Rossiter, K. (2013) Civic Centre to Become Four Star Hotel [online] Plymouth: Local World. Available from: http://www.plymouthherald.co.uk/Plymouth-Civic-Centre-star-hotel/story-19681415-detail/story.html

 

Ideas for Saltram’s Orangery

The trip to Saltram was a very enjoyable experience and a great break from the city.  This made me think about how Saltram House and its grounds affect the people who visit and how this could be incorporated into an exhibition.

With this in mind I looked on tripadvisor.co.uk to see the comments people had made.  Here are two recent examples:

  • One of my favourite places to explore ,relax and enjoy. Views are beautiful and walks around to take at your leisure. Great to go as a family or to walk your dog’s. I personally like the bird life and cows close by . Well kept grounds grounds to see all for free. I like to end the day with a visit in the shop then a nice hot chocolate and cake in the cafe (Tripadvisor, 2013, online).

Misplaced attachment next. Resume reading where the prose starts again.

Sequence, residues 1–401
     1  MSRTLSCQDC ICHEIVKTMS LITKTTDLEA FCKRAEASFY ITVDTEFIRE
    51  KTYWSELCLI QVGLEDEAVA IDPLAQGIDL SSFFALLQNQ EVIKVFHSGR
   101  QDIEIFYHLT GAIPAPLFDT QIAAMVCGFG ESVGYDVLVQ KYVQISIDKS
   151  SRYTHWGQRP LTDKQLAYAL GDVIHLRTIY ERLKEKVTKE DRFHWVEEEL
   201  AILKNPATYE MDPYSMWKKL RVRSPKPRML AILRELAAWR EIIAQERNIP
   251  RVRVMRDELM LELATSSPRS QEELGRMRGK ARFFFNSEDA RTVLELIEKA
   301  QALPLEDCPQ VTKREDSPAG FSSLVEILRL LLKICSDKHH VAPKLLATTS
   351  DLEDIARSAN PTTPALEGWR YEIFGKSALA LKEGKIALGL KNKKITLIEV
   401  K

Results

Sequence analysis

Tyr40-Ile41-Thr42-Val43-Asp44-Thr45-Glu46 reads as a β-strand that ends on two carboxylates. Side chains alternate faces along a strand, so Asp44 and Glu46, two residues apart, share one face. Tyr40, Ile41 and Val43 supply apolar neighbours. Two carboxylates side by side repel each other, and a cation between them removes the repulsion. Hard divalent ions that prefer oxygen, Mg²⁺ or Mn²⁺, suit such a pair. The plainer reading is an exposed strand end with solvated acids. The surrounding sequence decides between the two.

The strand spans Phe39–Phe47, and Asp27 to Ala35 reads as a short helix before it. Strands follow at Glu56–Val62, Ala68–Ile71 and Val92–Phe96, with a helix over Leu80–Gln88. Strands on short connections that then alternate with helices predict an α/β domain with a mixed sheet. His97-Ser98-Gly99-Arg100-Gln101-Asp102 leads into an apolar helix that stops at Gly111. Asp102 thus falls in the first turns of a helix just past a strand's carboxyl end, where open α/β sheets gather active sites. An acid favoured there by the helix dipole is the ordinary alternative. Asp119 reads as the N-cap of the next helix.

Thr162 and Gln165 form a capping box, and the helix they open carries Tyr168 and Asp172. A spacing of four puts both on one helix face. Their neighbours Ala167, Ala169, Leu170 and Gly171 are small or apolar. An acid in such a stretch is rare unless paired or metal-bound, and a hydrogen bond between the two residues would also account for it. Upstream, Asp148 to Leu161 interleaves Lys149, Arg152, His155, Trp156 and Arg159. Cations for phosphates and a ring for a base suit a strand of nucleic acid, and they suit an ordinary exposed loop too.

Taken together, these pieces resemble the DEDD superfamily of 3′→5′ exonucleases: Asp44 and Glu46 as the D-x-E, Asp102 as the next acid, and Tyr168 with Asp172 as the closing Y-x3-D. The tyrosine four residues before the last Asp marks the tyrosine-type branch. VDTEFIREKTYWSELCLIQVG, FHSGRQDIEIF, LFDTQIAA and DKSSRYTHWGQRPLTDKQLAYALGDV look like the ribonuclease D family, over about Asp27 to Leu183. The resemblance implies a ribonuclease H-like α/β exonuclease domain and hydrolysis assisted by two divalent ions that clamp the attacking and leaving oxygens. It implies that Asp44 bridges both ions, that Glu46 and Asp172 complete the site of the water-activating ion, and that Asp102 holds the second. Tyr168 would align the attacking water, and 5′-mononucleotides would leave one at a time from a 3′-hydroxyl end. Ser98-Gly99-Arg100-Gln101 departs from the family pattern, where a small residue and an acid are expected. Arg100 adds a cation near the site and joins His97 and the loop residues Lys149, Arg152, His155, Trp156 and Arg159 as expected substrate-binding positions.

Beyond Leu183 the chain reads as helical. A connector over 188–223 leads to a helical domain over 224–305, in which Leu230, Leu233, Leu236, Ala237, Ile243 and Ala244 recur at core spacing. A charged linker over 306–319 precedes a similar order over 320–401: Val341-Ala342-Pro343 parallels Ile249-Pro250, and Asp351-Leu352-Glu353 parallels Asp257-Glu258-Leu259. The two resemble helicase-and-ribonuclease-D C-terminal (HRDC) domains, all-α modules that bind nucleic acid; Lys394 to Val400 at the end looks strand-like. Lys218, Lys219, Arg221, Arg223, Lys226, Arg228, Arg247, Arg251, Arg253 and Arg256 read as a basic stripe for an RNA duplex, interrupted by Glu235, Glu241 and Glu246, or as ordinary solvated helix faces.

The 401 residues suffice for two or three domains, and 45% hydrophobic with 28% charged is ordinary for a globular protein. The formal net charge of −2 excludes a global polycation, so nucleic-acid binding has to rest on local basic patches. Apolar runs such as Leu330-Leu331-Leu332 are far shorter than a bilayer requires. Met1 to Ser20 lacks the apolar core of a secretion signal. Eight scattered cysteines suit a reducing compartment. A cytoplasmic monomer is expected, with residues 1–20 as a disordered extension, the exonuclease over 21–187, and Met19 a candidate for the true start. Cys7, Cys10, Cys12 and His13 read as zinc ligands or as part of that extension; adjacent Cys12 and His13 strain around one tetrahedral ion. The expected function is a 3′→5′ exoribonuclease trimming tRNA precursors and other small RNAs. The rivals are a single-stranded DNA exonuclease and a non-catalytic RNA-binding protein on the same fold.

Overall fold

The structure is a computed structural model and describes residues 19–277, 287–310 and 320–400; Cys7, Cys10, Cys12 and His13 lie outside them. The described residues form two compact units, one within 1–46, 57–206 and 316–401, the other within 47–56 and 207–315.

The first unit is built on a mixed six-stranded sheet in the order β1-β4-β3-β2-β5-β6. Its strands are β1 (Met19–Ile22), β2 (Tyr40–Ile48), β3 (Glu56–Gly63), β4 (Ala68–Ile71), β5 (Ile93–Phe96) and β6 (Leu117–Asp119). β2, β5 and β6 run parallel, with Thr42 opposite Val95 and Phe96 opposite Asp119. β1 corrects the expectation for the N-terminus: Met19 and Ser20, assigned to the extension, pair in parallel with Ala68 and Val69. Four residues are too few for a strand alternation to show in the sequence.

• Beautiful gardens and a walkers paradise. We took our 5 year old twin grandchildren who thought it wonderful even though a little overwhelmed by the size of this magnificent house, that is part of the national trust. Home to the Parker family for nearly 300 years, the house with its original contents provides a fascinating insight into country-estate life throughout the centuries. Could not believe how many people visited this fine venue on a Tuesday afternoon but it seemed that all enjoyed themselves. Will recommend to everyone. (Tripadvisor, 2013, online).

I also thought that Saltram House would probably have a visitor book full of positive comments from visitors over the years.

This led me to think about an exhibition using text based pieces that would share people’s experiences of Saltram over the years and possibly centuries – as Saltram is, after all, a historic building with connections to literature – novelist Jane Austen no less and was also used in the filming of the 1995 period drama film Sense and Sensibility.  I thought there would possibility be a wide and varied selection of text from visitors, novelists and actors about Saltram House.